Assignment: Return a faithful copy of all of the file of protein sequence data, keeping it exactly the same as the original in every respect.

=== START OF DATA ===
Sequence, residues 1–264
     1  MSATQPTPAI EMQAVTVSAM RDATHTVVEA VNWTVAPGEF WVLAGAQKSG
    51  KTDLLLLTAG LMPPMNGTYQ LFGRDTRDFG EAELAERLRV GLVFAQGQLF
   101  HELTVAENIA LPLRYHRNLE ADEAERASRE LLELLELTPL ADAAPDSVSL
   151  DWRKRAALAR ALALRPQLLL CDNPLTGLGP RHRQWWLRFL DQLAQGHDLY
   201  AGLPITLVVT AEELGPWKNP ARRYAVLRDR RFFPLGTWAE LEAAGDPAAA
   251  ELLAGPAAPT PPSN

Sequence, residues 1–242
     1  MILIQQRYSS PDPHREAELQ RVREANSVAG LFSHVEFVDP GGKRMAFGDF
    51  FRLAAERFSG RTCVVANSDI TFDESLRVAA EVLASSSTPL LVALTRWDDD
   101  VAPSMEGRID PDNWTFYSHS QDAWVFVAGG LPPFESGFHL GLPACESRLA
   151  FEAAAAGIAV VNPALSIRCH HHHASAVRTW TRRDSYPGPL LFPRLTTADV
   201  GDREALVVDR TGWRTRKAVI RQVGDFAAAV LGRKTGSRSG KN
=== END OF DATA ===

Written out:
Sequence, residues 1–264
     1  MSATQPTPAI EMQAVTVSAM RDATHTVVEA VNWTVAPGEF WVLAGAQKSG
    51  KTDLLLLTAG LMPPMNGTYQ LFGRDTRDFG EAELAERLRV GLVFAQGQLF
   101  HELTVAENIA LPLRYHRNLE ADEAERASRE LLELLELTPL ADAAPDSVSL
   151  DWRKRAALAR ALALRPQLLL CDNPLTGLGP RHRQWWLRFL DQLAQGHDLY
   201  AGLPITLVVT AEELGPWKNP ARRYAVLRDR RFFPLGTWAE LEAAGDPAAA
   251  ELLAGPAAPT PPSN

Sequence, residues 1–242
     1  MILIQQRYSS PDPHREAELQ RVREANSVAG LFSHVEFVDP GGKRMAFGDF
    51  FRLAAERFSG RTCVVANSDI TFDESLRVAA EVLASSSTPL LVALTRWDDD
   101  VAPSMEGRID PDNWTFYSHS QDAWVFVAGG LPPFESGFHL GLPACESRLA
   151  FEAAAAGIAV VNPALSIRCH HHHASAVRTW TRRDSYPGPL LFPRLTTADV
   201  GDREALVVDR TGWRTRKAVI RQVGDFAAAV LGRKTGSRSG KN